The world’s oldest restaurant. Goya worked as a waiter there. Their famous cochinillo asado or roast suckling pig was mentioned in Ernest Hemingway’s book The Sun Also Rises. Yipes. That’s a pretty impressive pedigree to live up to. Simply surviving 285 years of operations should be awe inspiring! Located just around the corner from Casa Hernanz and close to the Plaza Mayor, Sobrino de Botin is an absolute legend. And dining at “legends” can often be disappointing, but that was not the case at Botin…
We showed up before two in the afternoon without reservations and luckily they had some tables free. We opted to stay on the ground floor, to avoid the stairs, but I later had a look upstairs and noted that the dining areas there were quite boisterous and lively, filled with lunch time diners.
The menu was straightforward enough, with just a few (presumably tried and tested) dishes on offer. Appetizers include plates of freshly sliced jamon iberico, a few salads, anchovies, peppers and croquetas. Several dishes of scrambled eggs. Gazpacho and Sopa de Ajo. Several fish dishes, with the priciest dish on the menu being baby eels at Euro95 per order. Then of course the famous roast suckling pig and baby lamb. A few other roasted meats and several vegetable side dishes.
We took note of the serving portions on nearby tables and for once, ordered in a rather restrained manner. One order each of baby roast pig and baby roast lamb and a dish of white asparagus.
The baby roast suckling pig was very good. Crisp, nearly wafer thin skin, extremely moist and succulent meat, served au jus and with some roasted potatoes on the side. This pig had been oven-roasted, basted every so often, and if I could take a wild guess, using both olive oil and possibly butter. The piglets couldn’t have been more than 6 weeks old at most, and they were well seasoned and a joy to eat.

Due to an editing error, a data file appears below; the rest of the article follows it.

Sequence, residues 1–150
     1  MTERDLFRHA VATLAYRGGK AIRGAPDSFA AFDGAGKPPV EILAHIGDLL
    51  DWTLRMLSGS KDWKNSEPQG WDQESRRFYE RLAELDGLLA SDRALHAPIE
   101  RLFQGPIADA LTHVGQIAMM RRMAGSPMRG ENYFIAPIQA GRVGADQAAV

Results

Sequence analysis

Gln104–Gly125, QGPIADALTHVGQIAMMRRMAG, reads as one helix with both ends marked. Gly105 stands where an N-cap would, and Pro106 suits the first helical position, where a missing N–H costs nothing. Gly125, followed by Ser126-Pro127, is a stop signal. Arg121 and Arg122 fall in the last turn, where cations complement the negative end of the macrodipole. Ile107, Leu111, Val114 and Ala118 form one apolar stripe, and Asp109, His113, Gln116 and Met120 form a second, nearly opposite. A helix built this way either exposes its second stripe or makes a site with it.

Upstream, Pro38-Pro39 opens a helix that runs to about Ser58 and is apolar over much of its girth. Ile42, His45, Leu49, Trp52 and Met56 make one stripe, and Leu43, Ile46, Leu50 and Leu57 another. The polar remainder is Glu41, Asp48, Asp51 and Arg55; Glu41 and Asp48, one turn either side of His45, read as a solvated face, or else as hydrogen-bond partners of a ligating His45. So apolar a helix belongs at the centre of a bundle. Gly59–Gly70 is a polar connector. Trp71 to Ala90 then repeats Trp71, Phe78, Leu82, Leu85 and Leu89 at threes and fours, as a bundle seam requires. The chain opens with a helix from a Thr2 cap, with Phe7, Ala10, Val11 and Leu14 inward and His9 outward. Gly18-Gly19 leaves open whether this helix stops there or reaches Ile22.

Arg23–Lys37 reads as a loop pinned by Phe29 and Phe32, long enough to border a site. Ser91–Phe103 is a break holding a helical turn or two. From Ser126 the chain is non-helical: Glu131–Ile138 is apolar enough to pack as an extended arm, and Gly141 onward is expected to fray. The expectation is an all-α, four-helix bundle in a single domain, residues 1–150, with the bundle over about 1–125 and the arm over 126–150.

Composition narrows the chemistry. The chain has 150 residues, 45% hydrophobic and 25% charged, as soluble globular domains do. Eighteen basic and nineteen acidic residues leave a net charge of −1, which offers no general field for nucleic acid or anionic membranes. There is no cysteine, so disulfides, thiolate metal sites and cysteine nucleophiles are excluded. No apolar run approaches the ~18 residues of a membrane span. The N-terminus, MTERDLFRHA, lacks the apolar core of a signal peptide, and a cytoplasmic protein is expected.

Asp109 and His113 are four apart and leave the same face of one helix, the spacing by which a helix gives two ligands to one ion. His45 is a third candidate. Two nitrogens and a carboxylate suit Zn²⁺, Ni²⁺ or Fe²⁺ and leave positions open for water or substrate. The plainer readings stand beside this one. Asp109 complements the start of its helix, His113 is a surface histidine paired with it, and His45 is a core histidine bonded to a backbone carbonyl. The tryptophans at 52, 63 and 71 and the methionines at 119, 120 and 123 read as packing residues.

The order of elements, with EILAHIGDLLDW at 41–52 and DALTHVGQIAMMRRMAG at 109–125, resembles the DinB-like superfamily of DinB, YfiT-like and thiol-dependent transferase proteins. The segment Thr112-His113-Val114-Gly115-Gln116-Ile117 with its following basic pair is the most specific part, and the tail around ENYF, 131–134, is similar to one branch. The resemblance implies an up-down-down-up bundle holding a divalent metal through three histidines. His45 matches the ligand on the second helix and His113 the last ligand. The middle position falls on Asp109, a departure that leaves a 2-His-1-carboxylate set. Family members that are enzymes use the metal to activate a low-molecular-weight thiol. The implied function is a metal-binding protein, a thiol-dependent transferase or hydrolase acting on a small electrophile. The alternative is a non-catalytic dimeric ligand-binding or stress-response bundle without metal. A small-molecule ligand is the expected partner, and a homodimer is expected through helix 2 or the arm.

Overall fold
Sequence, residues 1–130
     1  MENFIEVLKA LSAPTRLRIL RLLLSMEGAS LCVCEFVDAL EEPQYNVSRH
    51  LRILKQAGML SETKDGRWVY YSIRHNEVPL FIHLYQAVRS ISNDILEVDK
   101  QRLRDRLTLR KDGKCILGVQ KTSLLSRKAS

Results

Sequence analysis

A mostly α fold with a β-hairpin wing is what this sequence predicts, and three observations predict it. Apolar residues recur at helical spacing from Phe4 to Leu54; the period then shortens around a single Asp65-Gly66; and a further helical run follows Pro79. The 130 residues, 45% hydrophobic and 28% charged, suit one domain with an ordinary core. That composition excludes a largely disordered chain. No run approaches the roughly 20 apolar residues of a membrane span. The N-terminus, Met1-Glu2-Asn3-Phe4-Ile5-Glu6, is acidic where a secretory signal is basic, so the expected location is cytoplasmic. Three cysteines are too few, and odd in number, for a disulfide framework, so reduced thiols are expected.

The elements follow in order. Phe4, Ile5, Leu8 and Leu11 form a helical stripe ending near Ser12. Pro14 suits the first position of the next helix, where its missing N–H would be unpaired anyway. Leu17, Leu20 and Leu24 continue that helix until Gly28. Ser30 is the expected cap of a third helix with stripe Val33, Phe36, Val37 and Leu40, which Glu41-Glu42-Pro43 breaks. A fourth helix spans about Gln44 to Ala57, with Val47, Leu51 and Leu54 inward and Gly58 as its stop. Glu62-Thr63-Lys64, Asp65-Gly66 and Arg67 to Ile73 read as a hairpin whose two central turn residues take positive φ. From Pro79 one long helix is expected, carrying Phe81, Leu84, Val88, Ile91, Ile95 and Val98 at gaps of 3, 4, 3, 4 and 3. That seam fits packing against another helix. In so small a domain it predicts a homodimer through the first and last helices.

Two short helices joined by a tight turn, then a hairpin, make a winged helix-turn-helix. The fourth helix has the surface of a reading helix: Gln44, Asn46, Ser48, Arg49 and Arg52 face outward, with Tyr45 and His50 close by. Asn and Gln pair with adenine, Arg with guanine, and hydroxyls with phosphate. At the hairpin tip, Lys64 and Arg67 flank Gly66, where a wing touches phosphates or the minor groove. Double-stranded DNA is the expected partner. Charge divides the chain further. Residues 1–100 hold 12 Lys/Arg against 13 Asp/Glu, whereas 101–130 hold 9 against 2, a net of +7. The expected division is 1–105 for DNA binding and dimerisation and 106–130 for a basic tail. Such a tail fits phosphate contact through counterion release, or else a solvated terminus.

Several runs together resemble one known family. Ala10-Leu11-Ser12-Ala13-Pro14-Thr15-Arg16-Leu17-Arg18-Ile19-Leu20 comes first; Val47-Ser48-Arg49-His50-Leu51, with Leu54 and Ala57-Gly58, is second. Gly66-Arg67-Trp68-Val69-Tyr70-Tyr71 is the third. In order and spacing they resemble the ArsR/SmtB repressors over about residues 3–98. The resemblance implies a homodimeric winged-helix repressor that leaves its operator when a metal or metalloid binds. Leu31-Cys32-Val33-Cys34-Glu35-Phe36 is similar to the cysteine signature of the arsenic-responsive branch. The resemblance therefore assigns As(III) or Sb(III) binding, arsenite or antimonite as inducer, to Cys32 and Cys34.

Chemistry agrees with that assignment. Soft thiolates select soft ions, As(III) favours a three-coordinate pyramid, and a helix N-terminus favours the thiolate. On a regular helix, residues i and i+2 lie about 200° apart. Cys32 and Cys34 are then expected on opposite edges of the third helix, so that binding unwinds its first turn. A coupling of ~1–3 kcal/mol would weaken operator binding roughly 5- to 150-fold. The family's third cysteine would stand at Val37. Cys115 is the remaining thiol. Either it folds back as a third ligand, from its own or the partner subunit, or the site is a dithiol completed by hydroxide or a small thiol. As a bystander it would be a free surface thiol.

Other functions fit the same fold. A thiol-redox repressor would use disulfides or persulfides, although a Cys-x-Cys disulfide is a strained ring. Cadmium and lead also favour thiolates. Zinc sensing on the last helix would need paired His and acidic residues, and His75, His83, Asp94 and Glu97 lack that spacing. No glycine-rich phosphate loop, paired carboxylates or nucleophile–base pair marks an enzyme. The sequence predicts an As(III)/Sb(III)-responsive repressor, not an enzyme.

But the surprise was that the roasted baby lamb was possibly even BETTER than the roast pig. Superb flavor, tender meat and the most amazing bones. Also served au jus and with some roasted potatoes as well.
The white asparagus didn’t hold a candle up to the roasted meats, and we were hard-pressed to consume all of the massive spears that appeared overcooked and frankly, just on the “gross” side, if you know what I mean. We weren’t that hungry so while we nearly finished this modest order, we left a piece or two of meat and some of the asparagus. Together with some drinks and bread, this lunch came to a total of Euro65 or so, a relative bargain considering the food, history and longevity of the place. But the best tidbit of all? Once we had paid our bill and left the restaurant, I turned around to take a few photos of the facade and noticed the doors to the kitchens of Sobrino de Botin, and as if on cue, who should emerge from the kitchens to go to a building (probably owned by the same folks) across the street? A Pinoy chef or sous-chef (one of several in the kitchens of Botin, I am told). Now you know, even in Madrid, Pinoys cook some of the best roasted suckling pig in the world. :) Heeheehee.
Sobrino de Botin
Calle de los Cuchilleros 17
Reservations highly recommended.